• A lawyer representing a black former associate suing Davis Polk & Wardwell for alleged race discrimination and retaliation asked the federal judge to let him withdraw as counsel, citing nonpayment of fees and disagreements over strategy. (BLAW)

  • Florida-based Shutts & Bowen is getting sued by its ex-chief operating officer, who alleges the firm didn’t pay him his annual bonus of about $200,000 when he left for rival firm Carlton Fields. (Daily Business Review)

  • A Winston & Strawn lawyer who represented NFL quarterback Tom Brady in the Deflategate case was hired by Brown University students suing to get their sports teams reinstated. (Yahoo! Sports) (BrownDailyHerald.com)

  • Two Virginia attorneys pleaded guilty to their roles in a $200 million scheme to extort an unidentified chemical company that made a chemical used in Monsanto Co.'s Roundup weed killer, which has been hit by billions of dollars of verdicts for allegedly causing cancer. (BLAW)

Laterals, Moves

  • Munger, Tolles & Olson hired veteran Washington federal prosecutor Jonathan Kravis as a partner in Washington. Kravis was on a team that won a conviction of longtime Trump friend Roger Stone, for lying to Congress, obstruction of justice and witness tampering. Kravis was among four federal prosecutors who in February quit in protest after the Justice Department cut by more than half their recommended prison sentence for Stone. (MTO.com)

  • Paul Hastings’ entertainment and media practice in Los Angeles got longtime O’Melveny & Myers entertainment litigator James “Bo” Pearl as a partner in Century City, California. Pearl represented pop music star Kesha in her suit against her former producer. (PaulHastings.com)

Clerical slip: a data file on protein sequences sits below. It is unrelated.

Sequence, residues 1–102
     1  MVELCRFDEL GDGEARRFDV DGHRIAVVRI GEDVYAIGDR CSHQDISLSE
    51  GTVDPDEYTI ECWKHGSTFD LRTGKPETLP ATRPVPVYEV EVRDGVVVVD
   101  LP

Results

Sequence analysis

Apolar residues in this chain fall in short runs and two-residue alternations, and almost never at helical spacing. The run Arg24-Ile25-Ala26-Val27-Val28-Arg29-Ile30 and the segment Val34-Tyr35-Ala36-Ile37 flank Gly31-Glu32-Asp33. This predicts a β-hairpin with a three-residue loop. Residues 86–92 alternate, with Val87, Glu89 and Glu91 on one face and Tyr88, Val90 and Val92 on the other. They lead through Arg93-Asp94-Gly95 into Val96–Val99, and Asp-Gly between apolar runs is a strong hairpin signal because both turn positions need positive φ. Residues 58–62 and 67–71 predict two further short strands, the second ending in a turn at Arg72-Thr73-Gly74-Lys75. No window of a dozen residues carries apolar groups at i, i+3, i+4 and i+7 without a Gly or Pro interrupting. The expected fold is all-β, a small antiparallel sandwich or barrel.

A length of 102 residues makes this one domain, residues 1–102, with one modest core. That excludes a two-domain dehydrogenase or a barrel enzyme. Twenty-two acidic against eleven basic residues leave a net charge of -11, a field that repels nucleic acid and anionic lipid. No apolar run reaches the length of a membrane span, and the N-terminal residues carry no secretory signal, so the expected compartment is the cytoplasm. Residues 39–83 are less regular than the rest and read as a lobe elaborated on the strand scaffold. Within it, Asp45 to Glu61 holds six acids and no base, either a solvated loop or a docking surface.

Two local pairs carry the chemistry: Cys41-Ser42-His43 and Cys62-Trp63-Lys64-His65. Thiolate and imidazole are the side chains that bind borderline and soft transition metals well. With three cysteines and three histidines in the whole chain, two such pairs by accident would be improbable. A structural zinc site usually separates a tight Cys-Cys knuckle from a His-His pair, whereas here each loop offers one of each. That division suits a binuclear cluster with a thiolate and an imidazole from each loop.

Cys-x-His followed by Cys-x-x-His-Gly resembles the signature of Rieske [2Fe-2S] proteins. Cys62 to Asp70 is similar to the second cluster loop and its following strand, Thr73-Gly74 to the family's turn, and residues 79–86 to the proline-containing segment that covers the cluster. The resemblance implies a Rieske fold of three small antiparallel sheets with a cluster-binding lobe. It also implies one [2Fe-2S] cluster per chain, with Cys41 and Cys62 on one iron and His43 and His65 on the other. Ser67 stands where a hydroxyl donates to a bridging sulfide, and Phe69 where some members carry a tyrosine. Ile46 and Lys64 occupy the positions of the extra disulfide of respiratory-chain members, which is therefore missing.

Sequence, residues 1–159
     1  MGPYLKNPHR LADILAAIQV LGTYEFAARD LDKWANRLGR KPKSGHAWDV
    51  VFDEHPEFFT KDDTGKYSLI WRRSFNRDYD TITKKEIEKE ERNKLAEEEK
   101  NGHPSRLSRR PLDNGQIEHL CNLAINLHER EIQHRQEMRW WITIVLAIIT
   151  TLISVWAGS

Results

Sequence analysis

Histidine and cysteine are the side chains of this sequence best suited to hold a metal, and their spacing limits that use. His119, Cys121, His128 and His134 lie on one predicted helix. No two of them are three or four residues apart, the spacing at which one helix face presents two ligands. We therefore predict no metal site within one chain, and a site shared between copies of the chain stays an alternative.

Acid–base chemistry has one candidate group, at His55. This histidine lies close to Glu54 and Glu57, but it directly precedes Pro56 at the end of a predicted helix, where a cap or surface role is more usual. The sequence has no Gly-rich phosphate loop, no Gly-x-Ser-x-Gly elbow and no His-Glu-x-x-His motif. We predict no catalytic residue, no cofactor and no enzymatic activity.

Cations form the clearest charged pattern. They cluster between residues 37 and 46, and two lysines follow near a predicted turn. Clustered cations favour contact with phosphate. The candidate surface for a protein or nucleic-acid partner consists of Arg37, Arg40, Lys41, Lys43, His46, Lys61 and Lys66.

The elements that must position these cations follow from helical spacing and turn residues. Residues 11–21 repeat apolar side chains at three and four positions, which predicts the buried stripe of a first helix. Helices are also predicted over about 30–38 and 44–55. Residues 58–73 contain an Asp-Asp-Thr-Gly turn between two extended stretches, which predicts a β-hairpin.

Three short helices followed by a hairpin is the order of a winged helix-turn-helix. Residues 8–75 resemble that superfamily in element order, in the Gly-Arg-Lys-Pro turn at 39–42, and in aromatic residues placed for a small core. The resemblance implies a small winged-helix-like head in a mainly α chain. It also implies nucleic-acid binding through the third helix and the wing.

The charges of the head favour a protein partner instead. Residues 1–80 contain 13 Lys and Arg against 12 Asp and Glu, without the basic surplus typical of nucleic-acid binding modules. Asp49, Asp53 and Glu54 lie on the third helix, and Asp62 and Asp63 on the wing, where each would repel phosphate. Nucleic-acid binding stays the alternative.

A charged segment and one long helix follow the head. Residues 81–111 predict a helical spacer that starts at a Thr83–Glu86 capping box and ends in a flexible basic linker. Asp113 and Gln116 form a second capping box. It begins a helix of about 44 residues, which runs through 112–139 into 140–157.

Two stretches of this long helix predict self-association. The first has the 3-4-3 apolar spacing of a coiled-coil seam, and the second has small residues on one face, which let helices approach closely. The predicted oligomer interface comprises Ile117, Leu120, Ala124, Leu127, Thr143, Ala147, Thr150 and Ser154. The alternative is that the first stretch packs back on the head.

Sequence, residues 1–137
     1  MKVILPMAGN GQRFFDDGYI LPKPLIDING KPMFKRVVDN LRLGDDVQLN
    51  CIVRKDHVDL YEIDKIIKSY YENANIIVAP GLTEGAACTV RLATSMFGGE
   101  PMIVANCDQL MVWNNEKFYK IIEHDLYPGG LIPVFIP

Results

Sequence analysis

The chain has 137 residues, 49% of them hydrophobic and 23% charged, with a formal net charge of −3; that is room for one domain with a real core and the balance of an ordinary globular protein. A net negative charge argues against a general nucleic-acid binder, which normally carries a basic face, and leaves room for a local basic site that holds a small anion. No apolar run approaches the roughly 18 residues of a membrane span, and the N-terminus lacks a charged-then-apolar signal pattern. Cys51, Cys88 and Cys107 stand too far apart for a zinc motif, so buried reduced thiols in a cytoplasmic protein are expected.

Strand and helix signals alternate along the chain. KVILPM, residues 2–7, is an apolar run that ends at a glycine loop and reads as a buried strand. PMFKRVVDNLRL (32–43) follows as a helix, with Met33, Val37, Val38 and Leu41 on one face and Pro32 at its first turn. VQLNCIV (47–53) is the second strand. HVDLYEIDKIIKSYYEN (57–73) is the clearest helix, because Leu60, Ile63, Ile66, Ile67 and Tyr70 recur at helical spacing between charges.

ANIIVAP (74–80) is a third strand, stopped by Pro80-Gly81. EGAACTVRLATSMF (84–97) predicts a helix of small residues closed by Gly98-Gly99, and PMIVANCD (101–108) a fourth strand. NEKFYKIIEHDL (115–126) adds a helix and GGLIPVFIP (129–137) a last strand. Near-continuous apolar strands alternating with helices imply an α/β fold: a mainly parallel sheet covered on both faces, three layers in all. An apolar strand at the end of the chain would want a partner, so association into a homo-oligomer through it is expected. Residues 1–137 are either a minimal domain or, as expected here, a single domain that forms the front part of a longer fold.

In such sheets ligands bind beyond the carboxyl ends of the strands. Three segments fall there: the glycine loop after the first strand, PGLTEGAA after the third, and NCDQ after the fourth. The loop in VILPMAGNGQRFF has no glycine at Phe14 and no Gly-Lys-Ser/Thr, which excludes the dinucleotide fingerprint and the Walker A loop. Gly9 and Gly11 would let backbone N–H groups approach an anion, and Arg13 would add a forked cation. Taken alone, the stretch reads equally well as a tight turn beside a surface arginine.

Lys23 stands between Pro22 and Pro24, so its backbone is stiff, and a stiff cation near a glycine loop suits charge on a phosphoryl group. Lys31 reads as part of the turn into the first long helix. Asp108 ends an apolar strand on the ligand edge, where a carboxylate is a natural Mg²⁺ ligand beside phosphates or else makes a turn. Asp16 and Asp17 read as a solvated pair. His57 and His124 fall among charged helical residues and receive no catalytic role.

• Management-side worklaw firm Fisher Phillips added litigator and former U.S. Air Force captain Edward Hopkins as a partner in Denver. He previously ran his own firm and focuses on data security and workplace privacy. (FisherPhillips.com)

  • Curtis, Mallet-Prevost, Colt & Mosle added China veteran Frank J. Marinaro as a partner in New York. He was most recently at Warburg Pincus as Beijing-based managing director and general counsel for China and Southeast Asia. He’s been a Loeb & Loeb partner in Beijing; Sherman & Sterling associate in New York and Toronto; and in-house at Merrill Lynch. (Curtis.com)

  • Latham & Watkins poached Willkie Farr & Gallagher lawyer Alexandra Bigot as a partner on its restructuring team and special situation team. According to her LinkedIn, she’d spent over 25 years at Willkie, with a nearly four year pause as investment director at Lazard Freres. (Lw.com)

In-house

  • Gordon Brothers, a Boston-based advisory, restructuring, and investment firm, said it hired Katten Muchen Rosen insolvency & restructuring partner Cindi Giglio as an associate general counsel with primary responsibility for retail and commercial & industrial transactions in North America. (Globenewswire.com)

  • As Wells Fargo & Co. works to put its scandals in the past, the banking giant hired a veteran financial industry in-house leader as a top policy adviser to work with its new general counsel, Ellen Patterson. Michael Lipsitz joins from Santander Holdings USA, where he was a senior executive vice president and chief legal officer. (BLAW)

  • Specialty chemical manufacturer Ingevity Corp., in a Covid-19 cost-cut, said its first-ever top lawyer, Kathy Pryor Burgeson, will take early retirement and be replaced on an interim basis by current deputy general counsel Ryan Fisher. (BLAW)

Technology

  • Law firms’ switch to remote work during the Covid-19 shutdown has allowed associates to prove they can work productively from home. (Legaltech News)

To contact the correspondent on this story: Rick Mitchell in Paris at rMitchell@correspondent.bloomberglaw.com

To contact the editors responsible for this story: Rebekah Mintzer at rmintzer@bloomberglaw.com; Darren Bowman at dbowman@bloomberglaw.com